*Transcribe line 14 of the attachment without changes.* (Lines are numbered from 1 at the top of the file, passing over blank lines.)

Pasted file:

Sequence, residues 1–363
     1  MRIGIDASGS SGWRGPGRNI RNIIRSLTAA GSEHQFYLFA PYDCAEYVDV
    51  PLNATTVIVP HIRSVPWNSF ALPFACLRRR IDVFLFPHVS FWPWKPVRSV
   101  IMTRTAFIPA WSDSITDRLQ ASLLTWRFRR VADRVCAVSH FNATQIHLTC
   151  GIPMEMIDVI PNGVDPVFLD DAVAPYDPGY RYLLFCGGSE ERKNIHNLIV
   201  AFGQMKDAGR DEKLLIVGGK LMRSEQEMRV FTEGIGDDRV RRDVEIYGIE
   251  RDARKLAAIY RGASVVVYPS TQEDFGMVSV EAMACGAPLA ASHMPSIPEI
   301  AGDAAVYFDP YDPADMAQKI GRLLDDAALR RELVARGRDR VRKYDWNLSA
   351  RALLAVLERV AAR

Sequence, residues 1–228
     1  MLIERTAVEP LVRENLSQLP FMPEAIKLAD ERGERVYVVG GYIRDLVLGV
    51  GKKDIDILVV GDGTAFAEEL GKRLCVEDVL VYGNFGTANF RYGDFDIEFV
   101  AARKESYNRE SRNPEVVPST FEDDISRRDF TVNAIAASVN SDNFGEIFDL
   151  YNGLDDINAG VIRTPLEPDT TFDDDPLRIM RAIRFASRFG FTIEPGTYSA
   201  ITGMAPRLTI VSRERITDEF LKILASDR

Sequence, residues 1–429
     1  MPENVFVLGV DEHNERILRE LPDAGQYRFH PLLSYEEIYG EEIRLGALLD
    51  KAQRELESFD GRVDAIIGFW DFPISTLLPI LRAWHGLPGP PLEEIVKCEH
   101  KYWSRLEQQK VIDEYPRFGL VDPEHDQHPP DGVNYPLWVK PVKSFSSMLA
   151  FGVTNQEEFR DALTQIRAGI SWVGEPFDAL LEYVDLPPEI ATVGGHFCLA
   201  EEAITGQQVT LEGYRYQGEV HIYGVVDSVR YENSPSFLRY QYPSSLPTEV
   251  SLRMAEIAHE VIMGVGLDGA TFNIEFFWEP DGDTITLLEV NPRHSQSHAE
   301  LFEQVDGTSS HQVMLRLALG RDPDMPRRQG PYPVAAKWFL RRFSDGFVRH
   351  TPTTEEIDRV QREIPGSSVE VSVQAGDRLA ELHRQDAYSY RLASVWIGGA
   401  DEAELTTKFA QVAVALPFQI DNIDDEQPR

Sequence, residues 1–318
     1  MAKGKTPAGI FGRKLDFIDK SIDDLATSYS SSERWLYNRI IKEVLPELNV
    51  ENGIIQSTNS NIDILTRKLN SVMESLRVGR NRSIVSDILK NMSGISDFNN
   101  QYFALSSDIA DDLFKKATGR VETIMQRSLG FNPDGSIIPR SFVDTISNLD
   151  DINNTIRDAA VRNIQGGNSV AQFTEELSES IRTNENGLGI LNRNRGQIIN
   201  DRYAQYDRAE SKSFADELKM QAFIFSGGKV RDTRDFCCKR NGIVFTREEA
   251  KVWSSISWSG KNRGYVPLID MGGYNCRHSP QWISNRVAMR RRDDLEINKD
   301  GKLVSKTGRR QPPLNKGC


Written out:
   151  YNGLDDINAG VIRTPLEPDT TFDDDPLRIM RAIRFASRFG FTIEPGTYSA